Justice Delayed is Justice Protected

Justice Delayed is Justice Protected

Credit: Slate Magazine

*Justice Delayed is Justice Denied! *Last June, hundreds of students gathered in White Plaza holding signs with phrases similar to this one to protest Stanford’s sexual assault policy. The students called both for quicker and for harsher punishments, highlighted by a demand for mandatory expulsion for those found guilty of sexual assault under Stanford’s Alternate Review Process (ARP). The ARP is Stanford’s judicial process designed specifically to investigate sexual assault claims. Since last spring, the Associated Students of Stanford University (ASSU) has worked on a reform proposal that it plans to present to the student body and President Hennessy during fall quarter. A widely circulated draft of this proposal calls for the ARP to adopt expulsion as a default punishment that can only be avoided in rare circumstances.

Stanford’s ARP is different from a criminal trial as victims still have the opportunity to pursue criminal charges against their alleged assailants. Instead, the ARP is designed to fulfill Stanford’s Title IX obligation to investigate sexual assault in order to receive federal funding. Schools found to be noncompliant with Title IX, the federal law designed to stop gender discrimination in education, can be stripped of federal funding.

In 2011, the Department of Education’s Office of Civil Rights (OCR) forced colleges to adopt a preponderance of the evidence standard in sexual assault cases. This standard requires that the evidence proves that the accused is  “more likely than not” guilty. *Preponderance of the evidence *is the lowest standard of proof in America’s judicial system and is mainly used to award monetary damages in civil cases.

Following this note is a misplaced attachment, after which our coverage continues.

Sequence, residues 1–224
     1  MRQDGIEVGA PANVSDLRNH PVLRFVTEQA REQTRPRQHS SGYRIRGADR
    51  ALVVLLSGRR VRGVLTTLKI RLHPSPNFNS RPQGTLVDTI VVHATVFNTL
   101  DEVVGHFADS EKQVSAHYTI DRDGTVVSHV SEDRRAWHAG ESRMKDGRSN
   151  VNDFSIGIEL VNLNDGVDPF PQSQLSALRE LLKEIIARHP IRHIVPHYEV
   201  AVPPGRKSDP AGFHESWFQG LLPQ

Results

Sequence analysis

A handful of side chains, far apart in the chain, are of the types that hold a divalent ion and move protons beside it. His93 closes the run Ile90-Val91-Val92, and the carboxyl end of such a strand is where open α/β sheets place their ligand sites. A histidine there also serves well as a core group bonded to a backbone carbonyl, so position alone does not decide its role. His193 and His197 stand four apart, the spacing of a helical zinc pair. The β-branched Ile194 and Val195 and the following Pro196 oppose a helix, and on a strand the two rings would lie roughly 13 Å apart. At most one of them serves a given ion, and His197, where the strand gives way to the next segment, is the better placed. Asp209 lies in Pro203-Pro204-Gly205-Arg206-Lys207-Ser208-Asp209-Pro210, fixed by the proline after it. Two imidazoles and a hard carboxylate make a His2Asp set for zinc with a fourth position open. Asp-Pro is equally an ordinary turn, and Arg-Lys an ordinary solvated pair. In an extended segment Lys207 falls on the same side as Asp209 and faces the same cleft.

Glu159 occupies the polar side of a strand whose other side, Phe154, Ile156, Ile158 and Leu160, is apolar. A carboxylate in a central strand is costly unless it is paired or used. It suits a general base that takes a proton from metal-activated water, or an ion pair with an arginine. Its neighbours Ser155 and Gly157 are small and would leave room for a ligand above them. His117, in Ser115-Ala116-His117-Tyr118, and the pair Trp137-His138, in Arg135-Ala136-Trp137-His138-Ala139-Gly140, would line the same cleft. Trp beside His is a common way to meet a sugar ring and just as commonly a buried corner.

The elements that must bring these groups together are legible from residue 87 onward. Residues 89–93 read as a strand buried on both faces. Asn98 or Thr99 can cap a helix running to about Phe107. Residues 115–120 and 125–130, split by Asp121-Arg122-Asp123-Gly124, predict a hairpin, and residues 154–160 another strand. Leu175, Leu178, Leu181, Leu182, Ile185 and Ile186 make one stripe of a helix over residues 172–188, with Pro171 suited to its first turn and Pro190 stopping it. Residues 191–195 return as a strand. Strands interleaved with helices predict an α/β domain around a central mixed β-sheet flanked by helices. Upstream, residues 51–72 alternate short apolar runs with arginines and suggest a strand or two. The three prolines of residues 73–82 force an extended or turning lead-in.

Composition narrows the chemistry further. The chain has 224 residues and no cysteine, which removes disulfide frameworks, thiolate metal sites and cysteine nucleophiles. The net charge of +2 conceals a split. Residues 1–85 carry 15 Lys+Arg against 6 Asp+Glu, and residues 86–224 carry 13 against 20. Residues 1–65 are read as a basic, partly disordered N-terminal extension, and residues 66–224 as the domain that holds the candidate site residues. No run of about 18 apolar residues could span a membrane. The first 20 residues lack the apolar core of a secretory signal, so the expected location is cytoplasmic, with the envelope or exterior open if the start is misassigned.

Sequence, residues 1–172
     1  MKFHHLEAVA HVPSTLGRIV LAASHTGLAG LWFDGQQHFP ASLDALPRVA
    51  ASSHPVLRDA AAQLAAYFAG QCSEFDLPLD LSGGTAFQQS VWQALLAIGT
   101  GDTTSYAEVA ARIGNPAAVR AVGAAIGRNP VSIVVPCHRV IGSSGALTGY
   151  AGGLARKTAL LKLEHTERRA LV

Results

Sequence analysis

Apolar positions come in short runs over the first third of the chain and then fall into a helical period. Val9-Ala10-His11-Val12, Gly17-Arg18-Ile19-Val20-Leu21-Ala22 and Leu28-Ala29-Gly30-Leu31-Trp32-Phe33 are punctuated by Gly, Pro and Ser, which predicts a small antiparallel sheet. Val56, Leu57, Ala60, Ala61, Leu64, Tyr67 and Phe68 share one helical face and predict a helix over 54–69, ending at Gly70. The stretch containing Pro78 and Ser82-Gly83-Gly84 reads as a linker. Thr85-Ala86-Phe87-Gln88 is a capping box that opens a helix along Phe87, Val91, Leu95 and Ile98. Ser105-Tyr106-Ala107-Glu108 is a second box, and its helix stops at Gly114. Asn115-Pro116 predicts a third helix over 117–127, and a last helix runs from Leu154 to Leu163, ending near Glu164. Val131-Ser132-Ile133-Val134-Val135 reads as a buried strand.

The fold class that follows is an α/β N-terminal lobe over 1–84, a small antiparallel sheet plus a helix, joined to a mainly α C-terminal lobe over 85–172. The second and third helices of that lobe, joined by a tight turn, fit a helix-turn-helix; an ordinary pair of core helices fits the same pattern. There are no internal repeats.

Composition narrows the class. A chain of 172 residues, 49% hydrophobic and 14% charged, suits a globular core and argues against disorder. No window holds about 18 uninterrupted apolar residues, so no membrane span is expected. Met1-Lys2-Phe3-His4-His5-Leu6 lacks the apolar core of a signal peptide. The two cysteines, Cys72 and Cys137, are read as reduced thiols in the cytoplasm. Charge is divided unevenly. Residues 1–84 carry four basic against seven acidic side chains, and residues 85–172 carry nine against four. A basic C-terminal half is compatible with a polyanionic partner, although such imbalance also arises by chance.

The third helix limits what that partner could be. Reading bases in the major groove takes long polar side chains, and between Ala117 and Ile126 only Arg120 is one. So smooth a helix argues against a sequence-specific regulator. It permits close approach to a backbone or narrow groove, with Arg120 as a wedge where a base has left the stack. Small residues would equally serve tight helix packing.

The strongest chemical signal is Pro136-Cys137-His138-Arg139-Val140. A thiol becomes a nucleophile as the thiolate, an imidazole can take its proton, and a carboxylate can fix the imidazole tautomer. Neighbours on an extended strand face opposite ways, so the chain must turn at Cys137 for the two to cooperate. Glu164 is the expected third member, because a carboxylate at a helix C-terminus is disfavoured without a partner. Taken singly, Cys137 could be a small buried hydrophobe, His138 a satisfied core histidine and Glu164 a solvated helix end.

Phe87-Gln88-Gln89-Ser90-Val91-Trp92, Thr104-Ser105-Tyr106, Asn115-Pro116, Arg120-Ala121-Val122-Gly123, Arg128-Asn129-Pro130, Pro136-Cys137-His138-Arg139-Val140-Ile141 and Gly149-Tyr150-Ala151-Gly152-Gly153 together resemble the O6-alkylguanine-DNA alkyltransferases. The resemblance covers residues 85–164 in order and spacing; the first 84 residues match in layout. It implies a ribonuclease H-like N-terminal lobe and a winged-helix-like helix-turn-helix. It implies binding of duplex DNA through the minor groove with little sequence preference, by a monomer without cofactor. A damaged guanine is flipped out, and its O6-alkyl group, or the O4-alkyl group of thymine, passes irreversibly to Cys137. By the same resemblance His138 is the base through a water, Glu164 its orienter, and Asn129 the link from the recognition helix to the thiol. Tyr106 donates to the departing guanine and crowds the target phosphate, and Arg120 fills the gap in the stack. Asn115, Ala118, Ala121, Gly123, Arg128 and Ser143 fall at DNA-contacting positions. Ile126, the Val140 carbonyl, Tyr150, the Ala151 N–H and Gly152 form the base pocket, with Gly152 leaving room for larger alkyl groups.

Sexual assault is a terrible crime and Stanford should do whatever it can to assist victims. However, the combination of default expulsion and the low standard of proof in these cases coupled with high levels of public pressure to investigate assault  significantly endangers students accused of sexual assault. Although ARP investigations are not criminal trials and constitutional due process is not legally required, both the severity of the punishment and the basic principles of justice demand that we consider due process to ensure only those guilty of sexual assault face punishment for it.

The fact that the debate has centered on the nature of punishments doled out to perpetrators should serve as a signal to consider due process concerns. Stanford should not rush to embrace default expulsion before the federal government raises the standard of proof.

The OCR and Preponderance of the Evidence

When the OCR forced schools to adopt a *preponderance of the evidence *standard in 2011, it justified the change by citing the standard’s usage in private Title IX civil suits. It also described how “OCR’s Case Processing Manual requires that a noncompliance determination be supported by the preponderance of the evidence when resolving allegations of discrimination under all the statutes enforced by OCR, including Title IX. OCR also uses a preponderance of the evidence standard in its fund termination administrative hearings.” All of these examples apply to funding issues when the OCR determines whether a school engages in discrimination, they do not reference individual findings of guilt for students.